The Risks of Corporate Legal Principles of Risk Management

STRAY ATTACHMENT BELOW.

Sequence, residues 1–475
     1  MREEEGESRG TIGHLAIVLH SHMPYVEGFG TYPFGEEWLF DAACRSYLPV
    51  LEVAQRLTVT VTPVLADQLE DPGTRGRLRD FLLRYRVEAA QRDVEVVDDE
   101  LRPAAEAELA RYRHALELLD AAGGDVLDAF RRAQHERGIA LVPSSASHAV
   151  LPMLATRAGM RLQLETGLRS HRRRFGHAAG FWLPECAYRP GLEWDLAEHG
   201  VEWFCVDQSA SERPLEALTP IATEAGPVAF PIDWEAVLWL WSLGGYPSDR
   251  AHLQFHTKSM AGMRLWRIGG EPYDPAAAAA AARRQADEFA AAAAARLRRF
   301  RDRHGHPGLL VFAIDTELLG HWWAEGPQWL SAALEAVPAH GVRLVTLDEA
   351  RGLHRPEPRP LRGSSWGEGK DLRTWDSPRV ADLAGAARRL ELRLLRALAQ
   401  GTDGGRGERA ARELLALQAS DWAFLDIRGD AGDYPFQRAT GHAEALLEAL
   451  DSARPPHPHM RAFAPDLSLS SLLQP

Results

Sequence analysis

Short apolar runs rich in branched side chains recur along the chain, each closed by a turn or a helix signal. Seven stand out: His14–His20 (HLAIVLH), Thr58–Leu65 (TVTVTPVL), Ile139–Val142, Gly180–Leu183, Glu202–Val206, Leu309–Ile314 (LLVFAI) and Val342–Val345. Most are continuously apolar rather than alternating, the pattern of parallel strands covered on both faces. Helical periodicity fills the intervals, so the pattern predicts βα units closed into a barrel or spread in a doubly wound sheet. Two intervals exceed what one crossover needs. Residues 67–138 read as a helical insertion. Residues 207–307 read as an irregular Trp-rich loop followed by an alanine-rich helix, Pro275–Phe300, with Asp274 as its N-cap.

Corporate governance codes and corporate law contain provisions of internal control and risk management. First, this paper analyses the state of the art of these provisions in five Western European countries. The regulatory framework stretches from a Frühwarnsystem in Germany over the internal control report of the French chairman of the board and the internal control statement of the Dutch board to the European corporate governance statement and the UK sound risk management maintenance principle. Next, the paper provides insights how a sample of REIT's put the internal control and risk management rules and principles into corporate practice over the last decade. The analysis demonstrates that risk identification, financial risk management and risk response grew to an advanced stage while risk assessment - in particular the impact assessment of non-financial risks - and control activities are still in a development stage. The evidence shows that risk management practices are driven by regulation and legislation. Many but not all internal control features have been harmonized. The last section discusses some of the legal consequences of the finding that in view of both the regulatory developments and corporate practices new risks have emerged. First, the legal requirements as well as the eagerness of companies to fully comply with all best practices create a field of tension between the basic assumption of risk management frameworks in providing (only) reasonable assurance and the (reported) state of the art of managing and apparently controlling all (material) risks. Second, there is the risk related to the friction between the progress in identifying the risk management responsibilities of the concerned corporate parties while there is a standstill of other areas of law and in particular of the liability regimes.